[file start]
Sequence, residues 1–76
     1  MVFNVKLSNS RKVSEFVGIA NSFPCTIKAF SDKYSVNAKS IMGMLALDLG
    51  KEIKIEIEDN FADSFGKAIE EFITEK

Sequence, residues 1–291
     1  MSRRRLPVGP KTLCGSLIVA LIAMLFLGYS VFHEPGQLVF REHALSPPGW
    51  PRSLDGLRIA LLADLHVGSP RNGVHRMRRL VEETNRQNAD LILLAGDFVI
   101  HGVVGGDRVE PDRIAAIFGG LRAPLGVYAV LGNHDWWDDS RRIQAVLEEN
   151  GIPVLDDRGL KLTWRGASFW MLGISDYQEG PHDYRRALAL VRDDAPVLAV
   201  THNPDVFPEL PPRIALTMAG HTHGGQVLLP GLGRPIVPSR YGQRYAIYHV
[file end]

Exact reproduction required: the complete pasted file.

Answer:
Sequence, residues 1–76
     1  MVFNVKLSNS RKVSEFVGIA NSFPCTIKAF SDKYSVNAKS IMGMLALDLG
    51  KEIKIEIEDN FADSFGKAIE EFITEK

Sequence, residues 1–291
     1  MSRRRLPVGP KTLCGSLIVA LIAMLFLGYS VFHEPGQLVF REHALSPPGW
    51  PRSLDGLRIA LLADLHVGSP RNGVHRMRRL VEETNRQNAD LILLAGDFVI
   101  HGVVGGDRVE PDRIAAIFGG LRAPLGVYAV LGNHDWWDDS RRIQAVLEEN
   151  GIPVLDDRGL KLTWRGASFW MLGISDYQEG PHDYRRALAL VRDDAPVLAV
   201  THNPDVFPEL PPRIALTMAG HTHGGQVLLP GLGRPIVPSR YGQRYAIYHV